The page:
I’ve been writing my to-do lists religiously since 2010. Before that I always used to make a list for groceries shopping (because you cannot possibly remember all the items you need to buy, especially when the respective shelves are scattered all over the store). And I had also made notes of what needed to be done, but I rarely set it up as a list. Then one day in 2010 I had to run 8 places for errands, so I wrote them all up in a list, grouped them by location… and by the end of the day I did visit them all! This was a real proof of the list-mania working, so I just carried on.
Frankly speaking, my lists mostly deal with work and errands. Work – because I do a lot of that, and unless I list and prioritise I won’t accomplish much. Errands – because I love doing my work, and I may genuinely forget paying that bill or buying that item. So, I have to be really exacting.
More seldom, unfortunately, I schedule breaks and rest and other activities, like sport or languages. I think this is where I need to up the level of my list-making.
Yet I’m sure very few of us follow in Leonardo’s footsteps, whose to-do list is in the photo. Strictly speaking, this list is called a “memorandum of Leonardo da Vinci”, and it’s not exactly a “to-do list” but rather a reminder of things one needs, or wants, to do, know, learn, and ask about. As I see it, there’s a difference between the two. A to-do list has a trait of immediacy; it’s usually a list of actions one needs to take in a more or less precise frame of time. That’s why it’s a list, and that’s why it may even have times added to it, to make it more like a timetable.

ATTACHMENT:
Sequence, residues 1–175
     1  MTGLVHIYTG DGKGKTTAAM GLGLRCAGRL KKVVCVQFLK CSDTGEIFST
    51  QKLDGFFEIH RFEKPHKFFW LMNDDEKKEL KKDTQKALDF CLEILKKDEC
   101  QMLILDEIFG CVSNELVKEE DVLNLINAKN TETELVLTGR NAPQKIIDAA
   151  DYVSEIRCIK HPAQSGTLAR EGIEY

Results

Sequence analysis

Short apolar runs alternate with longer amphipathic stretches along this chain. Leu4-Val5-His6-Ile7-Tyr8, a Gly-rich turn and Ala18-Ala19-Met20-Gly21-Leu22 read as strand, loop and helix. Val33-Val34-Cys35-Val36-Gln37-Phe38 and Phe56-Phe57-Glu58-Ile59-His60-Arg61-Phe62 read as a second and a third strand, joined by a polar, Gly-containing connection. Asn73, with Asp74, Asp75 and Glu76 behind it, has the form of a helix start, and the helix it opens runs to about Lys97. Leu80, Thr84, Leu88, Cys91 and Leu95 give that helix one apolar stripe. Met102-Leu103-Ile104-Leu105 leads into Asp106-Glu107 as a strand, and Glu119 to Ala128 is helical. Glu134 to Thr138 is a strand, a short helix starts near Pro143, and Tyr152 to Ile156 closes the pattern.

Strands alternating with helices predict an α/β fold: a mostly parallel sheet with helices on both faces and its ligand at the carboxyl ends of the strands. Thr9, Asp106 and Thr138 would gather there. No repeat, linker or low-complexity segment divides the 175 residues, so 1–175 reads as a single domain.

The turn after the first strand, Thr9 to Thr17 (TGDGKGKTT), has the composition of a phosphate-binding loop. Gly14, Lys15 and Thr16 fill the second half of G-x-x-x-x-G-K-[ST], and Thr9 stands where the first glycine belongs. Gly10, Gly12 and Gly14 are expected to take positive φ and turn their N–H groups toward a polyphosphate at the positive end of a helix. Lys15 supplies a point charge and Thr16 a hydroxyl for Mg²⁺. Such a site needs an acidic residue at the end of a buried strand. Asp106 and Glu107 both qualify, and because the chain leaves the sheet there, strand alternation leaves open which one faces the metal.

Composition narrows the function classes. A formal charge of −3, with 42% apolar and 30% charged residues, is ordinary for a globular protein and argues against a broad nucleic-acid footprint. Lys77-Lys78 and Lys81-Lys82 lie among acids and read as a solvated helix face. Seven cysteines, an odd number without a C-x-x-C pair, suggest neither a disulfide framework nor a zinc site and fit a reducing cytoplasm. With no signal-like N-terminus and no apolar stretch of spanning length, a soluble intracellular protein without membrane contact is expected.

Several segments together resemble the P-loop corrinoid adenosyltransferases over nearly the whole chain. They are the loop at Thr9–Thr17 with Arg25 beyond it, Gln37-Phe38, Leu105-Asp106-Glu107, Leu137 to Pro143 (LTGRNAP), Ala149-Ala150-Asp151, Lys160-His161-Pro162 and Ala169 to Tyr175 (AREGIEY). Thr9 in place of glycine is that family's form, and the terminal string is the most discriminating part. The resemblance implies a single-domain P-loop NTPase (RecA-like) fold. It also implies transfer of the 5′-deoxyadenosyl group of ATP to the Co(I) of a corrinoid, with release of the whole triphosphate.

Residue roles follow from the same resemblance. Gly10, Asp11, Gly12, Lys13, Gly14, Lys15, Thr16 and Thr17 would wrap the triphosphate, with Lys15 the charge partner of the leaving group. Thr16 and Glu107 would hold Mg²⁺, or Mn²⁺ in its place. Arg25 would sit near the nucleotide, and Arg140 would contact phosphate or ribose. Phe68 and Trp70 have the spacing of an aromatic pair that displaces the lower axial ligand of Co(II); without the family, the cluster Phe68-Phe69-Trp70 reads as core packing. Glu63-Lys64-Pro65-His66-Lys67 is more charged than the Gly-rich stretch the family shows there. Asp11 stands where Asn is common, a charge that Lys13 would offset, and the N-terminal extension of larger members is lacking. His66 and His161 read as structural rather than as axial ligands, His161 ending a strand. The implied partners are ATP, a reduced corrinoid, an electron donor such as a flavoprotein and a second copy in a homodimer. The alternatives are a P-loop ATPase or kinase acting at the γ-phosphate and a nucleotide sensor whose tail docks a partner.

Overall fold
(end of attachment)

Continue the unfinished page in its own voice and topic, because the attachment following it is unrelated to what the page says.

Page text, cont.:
The memorandum of Leonardo da Vinci is of a different nature. It is a list of subjects for contemplation and investigation. Obviously, learning the size of the Sun isn’t the most important thing on anyone’s agenda, neither is the Lombard manner of repairing locks, or understanding why on Earth the Tower of Ferrara has the wall without a single loophole. This is a list of things a person wants to learn. I’d rather think of it as a map of a learning process, and as such it is far more valuable than a mere to-do list. How many of us jot down things they want to learn? Those little matters that tickle our curiosity, do you write them down or just let them die off? How many of us actually expand the learning process beyond an immediate field of specialisation?
The image is taken from a post by Robert Krulwich, Leonardo’s To-Do List.